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Answerman - Is There Too Much Anime Being Made?


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Valhern



Joined: 19 Jan 2015
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PostPosted: Wed Nov 30, 2016 12:43 pm Reply with quote
That was a very interesting point about the memorability of modern anime. But we do have at least one issue with that and it's basically how wide the reach of anime can be in TV. The fact that a lot of anime was in the runtime of typically children/preteen channels made a huge difference, at least here in Latin America but probably so in the States. Now the direction is totally different, making anime extremely niche in TV.

In that case, the channel itself made you interested in anime because there was a lot of it and you would catch anything that you would have liked since TV was the major and almost sole entertainment medium, now it's the Internet, but the Internet is incredibly wide and less focused compared to it, and the person themselves have to be interested in any anime they watched as a kid to be interested in anime and eventually looking up for more similar anime.

While streaming services made easier to watch anime for everyone and it's one of the best things that has happened, it still can't replace the "seed" that TV anime planted on almost everyone that got them potentially interested in anime.

On the other hand, the production side of anime has become less healthier throughout the years, not just because a lot of shows can be made, but because the stretch of such productions is weighing heavier, especially for the persons themselves, as if the animation industry was not hard enough, it's becoming so crowded that it's starting to leak a little. Breaks, recaps, unfinished production, and so on and so on. There have been ways to solve or prevent that, but they are still sadly the exception.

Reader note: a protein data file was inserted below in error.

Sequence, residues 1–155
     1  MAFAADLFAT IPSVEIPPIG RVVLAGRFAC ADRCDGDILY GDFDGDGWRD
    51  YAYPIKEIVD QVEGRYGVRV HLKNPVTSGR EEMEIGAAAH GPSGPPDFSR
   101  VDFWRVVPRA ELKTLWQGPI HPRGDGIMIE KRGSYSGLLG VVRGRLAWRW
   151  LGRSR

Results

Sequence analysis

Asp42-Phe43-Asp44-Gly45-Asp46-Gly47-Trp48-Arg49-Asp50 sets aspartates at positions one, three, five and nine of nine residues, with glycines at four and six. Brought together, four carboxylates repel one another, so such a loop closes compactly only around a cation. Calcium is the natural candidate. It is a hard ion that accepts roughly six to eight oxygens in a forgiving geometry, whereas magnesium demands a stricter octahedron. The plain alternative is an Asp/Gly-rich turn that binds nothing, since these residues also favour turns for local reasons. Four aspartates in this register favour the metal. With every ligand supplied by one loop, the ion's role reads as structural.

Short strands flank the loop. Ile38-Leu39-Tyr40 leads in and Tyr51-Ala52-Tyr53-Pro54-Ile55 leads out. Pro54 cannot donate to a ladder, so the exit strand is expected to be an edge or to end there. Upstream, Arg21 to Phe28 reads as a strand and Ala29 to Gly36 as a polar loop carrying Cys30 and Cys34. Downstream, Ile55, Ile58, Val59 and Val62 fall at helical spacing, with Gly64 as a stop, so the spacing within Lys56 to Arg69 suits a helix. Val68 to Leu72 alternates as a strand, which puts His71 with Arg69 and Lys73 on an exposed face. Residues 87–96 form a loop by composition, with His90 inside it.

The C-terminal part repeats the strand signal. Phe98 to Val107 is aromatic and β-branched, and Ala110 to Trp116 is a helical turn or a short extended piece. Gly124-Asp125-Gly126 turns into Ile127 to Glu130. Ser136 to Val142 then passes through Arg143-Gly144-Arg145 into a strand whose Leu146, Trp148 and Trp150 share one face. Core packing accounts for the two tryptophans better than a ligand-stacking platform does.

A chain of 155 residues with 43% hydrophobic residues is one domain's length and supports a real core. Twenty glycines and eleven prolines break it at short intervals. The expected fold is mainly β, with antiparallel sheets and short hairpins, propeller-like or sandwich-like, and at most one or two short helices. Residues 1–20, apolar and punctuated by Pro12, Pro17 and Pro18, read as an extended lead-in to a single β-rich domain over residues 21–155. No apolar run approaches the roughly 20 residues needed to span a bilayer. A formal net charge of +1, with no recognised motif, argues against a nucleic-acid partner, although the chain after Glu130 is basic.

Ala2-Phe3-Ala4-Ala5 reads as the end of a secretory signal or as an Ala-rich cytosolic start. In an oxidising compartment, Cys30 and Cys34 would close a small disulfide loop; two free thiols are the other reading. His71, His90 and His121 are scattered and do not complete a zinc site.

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BodaciousSpacePirate
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PostPosted: Wed Nov 30, 2016 12:51 pm Reply with quote
I'm not sure I completely agree on the "we still celebrate shows from the 90s and early 2000s" bit. For every Cowboy Bebop, there are four Saber Marionette's (in that franchise's case, literally), and it's the same with shows today. I think this site's own "how many of these shows do you remember from X decade" features illustrate just how much forgettable stuff has gotten made by the anime industry.

Last edited by BodaciousSpacePirate on Wed Nov 30, 2016 12:52 pm; edited 1 time in total
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HeeroTX



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PostPosted: Wed Nov 30, 2016 12:52 pm Reply with quote
I don't think you can really know "in the moment" what will endure. I think it really can only be known at least a decade from now depending on what media people really look BACK on with fondness. 80s cartoons like Transformers, GI Joe & He-Man were terrible in terms of "quality" but they're what kids of that era grew up on. While I know it struck a chord, I think Evangelion endures partly by being the show that helped launch the 90s-00s anime boom. Same with Dragonball and Sailor Moon, which hold NOSTALGIA value for the fans that really remember them as pivotal to their fandom.

I think Attack on Titan has a chance to be a title like that, even though Trigun might have gotten more views "back in the day". But AoT might have INTRODUCED more people after the 05-08 "bust". Or been a title that helped people find other fans. Bebop is more like the 90s gen's "Akira". Not sure what title will hold that distinction for the next gen.
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angelmcazares
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PostPosted: Wed Nov 30, 2016 12:54 pm Reply with quote
Every time someone makes a big deal about how much anime is being made, I think people tend to blow things out of proportion. The person asking the question cites at least 80 shows airing this season. But aren't like half of those shorts and shows aimed at children, which are financed by tv channels, toy makers and other companies?

If the other 40 series are late night shows made for the otaku market, that is still a significant number, but I assume that the Aniplexes and Bandais of the world are financing that many shows because there is a high demand right know. This year discs sales are down, and I imagine we will see less shows in the upcoming seasons.